Roman concrete was used to construct the magnificent pantheon, which has endured for two millennia.

Researchers discover secret recipe of Roman concrete that allowed it to endure for over 2,000 years

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Ancient Rome’s concrete recipe is an impressive feat in architectural history. Some Roman buildings are so spectacular in their construction and beauty that modern builders would never attempt something similar, even with today’s technology. Now engineers are beginning to understand why ancient Roman concrete was so revolutionary.

Rome built many of its buildings and monuments with concrete made of lime, volcanic sand, and volcanic rock. The ancient Romans’ buildings and structures, some of the most spectacular in the world, have withstood chemical and physical onslaught for 2,000 years and are still standing.

An advanced concrete recipe allowed the Romans to constructed magnificent structures that no builder would dare to attempt today

An advanced concrete recipe allowed the Romans to constructed magnificent structures that no builder would dare to attempt today. Source: BigStockPhoto

Previous research has already found that Roman concrete was far superior to our own modern concrete, which is made to endure about 120 years.

It’s been known for a while that the volcanic sand used in Roman concrete and mortar made their buildings last for so long.  Now a new study by a group of engineers and engineering researchers has discovered the precise recipe that made the Roman concrete endure much longer than concrete used today.

The researchers used an ancient recipe written down by Roman architect Vitruvius to mix a batch of mortar. The engineers let it harden for six months and looked at it with microscopes. They found that clusters of a dense mineral form through the Roman process. These strätlingite crystals, formed by the volcanic sand as it binds with limestone, prevented the spread of cracks by reinforcing interfacial zones. Interfacial zones are weak links inside the concrete.

A magnified piece of Roman concrete consisting of lime, volcanic sand, and rock

A magnified piece of Roman concrete consisting of lime, volcanic sand, and rock ( Wikimedia Commons )

It isn’t just that Roman concrete is more lasting. It is also not as bad for the environment in the manufacturing of it because the mix only needed to be heated to 900 Celsius as opposed to the 1,450 of modern concrete.

“Stronger, longer-lasting modern concrete, made with less fuel and less release of carbon into the atmosphere, may be the legacy of a deeper understanding of how the Romans made their incomparable concrete,” Ancient-Origins.net wrote in 2013 . Heating the limestone in 19 billion tons of Portland cement made annually accounts for 7 percent of human-released carbon into the atmosphere, according to the new study .

Ceiling in the Pantheon, made entirely from Roman concrete

Ceiling in the Pantheon, made entirely from Roman concrete. Credit: Giulio Menna / flickr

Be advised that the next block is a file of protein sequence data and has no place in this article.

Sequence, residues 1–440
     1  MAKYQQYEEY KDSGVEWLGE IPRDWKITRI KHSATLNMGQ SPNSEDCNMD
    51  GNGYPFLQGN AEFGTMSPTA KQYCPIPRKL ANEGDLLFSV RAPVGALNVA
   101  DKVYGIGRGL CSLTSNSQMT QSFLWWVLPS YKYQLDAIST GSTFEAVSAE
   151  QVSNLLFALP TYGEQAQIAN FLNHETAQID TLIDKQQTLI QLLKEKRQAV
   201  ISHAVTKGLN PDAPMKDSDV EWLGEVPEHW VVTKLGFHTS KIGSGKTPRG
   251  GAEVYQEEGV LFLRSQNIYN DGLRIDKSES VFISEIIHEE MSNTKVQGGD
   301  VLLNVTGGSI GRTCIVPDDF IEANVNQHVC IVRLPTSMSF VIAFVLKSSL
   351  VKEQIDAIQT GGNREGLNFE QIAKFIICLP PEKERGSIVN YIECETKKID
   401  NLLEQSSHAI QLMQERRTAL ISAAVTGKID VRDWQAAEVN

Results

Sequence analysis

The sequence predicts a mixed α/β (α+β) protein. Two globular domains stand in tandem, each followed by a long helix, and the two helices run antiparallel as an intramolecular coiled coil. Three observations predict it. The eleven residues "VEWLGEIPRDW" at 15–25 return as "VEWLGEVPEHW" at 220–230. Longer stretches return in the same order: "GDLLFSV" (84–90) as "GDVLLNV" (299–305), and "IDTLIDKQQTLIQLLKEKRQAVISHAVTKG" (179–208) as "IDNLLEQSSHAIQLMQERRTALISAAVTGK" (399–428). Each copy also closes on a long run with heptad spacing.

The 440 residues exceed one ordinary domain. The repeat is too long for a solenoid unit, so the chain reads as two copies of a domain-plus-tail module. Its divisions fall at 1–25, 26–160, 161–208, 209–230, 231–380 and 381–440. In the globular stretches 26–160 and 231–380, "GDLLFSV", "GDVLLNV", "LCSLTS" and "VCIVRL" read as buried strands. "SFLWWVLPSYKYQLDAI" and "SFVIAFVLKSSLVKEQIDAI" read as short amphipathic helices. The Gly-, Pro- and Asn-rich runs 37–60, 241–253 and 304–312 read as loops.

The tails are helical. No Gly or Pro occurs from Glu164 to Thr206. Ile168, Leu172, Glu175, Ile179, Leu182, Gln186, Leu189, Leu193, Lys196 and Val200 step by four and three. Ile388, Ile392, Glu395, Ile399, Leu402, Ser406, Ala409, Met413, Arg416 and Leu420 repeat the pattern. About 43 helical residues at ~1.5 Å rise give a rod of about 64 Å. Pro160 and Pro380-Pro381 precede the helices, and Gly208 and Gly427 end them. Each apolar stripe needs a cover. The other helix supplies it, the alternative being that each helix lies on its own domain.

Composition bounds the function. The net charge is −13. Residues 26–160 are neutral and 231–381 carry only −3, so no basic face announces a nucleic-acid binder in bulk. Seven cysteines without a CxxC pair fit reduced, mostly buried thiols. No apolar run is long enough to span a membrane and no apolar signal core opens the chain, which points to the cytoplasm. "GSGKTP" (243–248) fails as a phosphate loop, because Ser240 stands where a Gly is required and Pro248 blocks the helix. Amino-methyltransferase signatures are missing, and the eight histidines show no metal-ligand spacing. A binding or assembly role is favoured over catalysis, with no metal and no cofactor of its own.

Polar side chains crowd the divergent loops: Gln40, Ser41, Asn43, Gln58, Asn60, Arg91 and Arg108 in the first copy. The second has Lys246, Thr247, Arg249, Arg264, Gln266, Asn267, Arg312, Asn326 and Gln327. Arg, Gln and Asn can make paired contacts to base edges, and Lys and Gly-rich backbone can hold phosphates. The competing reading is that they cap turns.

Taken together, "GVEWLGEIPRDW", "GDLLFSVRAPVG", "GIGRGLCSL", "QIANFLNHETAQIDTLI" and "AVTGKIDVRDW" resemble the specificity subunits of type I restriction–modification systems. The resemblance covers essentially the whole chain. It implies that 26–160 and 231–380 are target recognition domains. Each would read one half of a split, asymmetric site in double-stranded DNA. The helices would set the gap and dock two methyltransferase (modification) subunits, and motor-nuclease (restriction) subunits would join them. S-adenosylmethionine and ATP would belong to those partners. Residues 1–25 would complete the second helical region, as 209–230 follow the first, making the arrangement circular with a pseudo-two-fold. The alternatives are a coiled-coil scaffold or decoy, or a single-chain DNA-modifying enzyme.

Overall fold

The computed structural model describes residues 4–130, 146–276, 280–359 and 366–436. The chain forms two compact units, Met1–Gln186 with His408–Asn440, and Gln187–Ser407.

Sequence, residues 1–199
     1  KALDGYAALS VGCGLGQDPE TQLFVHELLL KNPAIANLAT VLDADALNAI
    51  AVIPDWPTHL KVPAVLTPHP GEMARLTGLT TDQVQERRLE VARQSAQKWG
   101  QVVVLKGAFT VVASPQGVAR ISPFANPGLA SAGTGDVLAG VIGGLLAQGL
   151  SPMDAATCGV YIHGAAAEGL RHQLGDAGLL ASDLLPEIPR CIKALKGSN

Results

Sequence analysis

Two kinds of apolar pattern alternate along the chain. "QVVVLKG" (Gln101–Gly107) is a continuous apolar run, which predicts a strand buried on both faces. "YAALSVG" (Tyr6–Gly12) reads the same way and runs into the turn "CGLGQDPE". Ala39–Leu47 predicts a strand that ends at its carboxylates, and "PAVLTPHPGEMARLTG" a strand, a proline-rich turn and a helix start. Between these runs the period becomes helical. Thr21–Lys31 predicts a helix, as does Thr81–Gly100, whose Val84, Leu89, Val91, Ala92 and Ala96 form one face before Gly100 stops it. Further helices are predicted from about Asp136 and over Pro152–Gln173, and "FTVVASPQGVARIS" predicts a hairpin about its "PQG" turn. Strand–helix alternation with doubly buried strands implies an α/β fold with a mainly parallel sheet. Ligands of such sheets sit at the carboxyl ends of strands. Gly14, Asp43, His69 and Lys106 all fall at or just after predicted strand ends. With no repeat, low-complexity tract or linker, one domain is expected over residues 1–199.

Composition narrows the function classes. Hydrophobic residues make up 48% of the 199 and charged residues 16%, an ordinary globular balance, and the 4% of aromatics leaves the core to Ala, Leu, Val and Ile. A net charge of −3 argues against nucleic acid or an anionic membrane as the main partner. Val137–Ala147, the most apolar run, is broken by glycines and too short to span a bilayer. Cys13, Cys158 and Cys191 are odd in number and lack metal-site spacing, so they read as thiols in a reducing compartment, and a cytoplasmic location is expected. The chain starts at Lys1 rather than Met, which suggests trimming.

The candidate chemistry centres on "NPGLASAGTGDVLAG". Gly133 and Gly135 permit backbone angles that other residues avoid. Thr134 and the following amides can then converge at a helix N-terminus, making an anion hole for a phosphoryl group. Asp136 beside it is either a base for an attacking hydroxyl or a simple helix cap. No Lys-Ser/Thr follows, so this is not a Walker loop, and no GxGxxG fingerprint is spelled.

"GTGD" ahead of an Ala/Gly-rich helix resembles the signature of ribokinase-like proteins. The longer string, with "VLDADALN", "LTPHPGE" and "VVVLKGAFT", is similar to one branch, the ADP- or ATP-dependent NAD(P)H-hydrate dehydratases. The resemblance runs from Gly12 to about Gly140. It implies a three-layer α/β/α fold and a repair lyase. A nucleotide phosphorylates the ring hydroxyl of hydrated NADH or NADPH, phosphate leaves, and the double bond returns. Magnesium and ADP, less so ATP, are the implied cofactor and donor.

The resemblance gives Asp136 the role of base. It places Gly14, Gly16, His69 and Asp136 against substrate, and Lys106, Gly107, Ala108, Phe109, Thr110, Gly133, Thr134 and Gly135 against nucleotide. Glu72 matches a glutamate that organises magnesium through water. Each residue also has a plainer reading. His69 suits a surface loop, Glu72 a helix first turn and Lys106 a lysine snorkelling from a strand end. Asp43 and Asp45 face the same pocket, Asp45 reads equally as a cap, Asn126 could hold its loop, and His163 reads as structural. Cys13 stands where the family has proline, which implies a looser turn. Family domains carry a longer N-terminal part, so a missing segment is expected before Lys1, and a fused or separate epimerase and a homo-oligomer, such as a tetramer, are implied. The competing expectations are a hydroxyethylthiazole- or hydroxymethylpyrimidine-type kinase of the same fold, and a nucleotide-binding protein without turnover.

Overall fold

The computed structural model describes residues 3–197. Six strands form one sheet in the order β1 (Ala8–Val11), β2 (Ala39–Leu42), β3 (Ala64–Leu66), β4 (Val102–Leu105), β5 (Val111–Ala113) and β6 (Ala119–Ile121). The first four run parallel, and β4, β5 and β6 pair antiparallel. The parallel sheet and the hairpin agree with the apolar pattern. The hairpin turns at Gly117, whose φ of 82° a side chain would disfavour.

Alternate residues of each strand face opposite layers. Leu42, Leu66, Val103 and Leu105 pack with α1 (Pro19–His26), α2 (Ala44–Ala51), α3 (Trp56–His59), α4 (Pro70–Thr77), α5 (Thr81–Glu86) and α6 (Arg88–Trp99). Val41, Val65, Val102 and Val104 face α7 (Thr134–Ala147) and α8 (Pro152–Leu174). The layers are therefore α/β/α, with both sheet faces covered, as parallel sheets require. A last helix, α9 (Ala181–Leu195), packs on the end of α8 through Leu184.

Rome is situated between two volcanic regions, Monti Sabatini to the north and the Alban Hills to the south. When Augustus became the first emperor of Rome in 27 AD, he initiated a building campaign. After builders settled on using Pozzolonic ash from the Alban Hills’ Pozzolane Rosse ash flow, Augustus decreed that Pozzolonic  mortar be the standard in Roman buildings. That decision cemented Rome’s enduring architectural legacy. Roman architects found that this mortar substantially improved the margin of safety in buildings, which were becoming more daring in their design.

The prototypical example of this may be the awe-inspiring Roman Pantheon, a huge concrete building capped by 142-foot dome. It was built in the second century AD.

The Roman Panethon, a huge concrete building that has endured for nearly 2,000 years

The Roman Panethon, a huge concrete building that has endured for nearly 2,000 years. Source: BigStockPhoto

“Made entirely out of concrete, without the reinforcing support of structural steel, no modern engineer would dare attempt such a feat, says David Moore , author of The Roman Pantheon: The Triumph of Concrete . ‘Modern codes of engineering practice would not permit such mischief,’” Smithsonian.com says .

Featured image: Roman concrete was used to construct the magnificent pantheon, which has endured for two millennia. Source: BigStockPhoto.

By Mark Miller

Comments

An elderly cousin was an engineer for the Golden Gate bridge. He told me that the concrete used in the structure was designed was formulated to last for centurie. Final hardening would take decades. I'm puzzled by the comment that modern concrete would last only 120 years.. Maybe the foundation of a taco stand is not destined for long life, but bridges and dams should endure for millenia with the proper maintence.

These buildings lasted this long, and the concrete is still just as hard as ever, through centuries and centuries, WITHOUT the proper maintenance. Civil engineering fell off pretty drastically after the fall of Rome. If our own structures were built with this knowledge, we could be assured that the abutments of our bridges could withstand the test of time, with MINIMAL maintenance.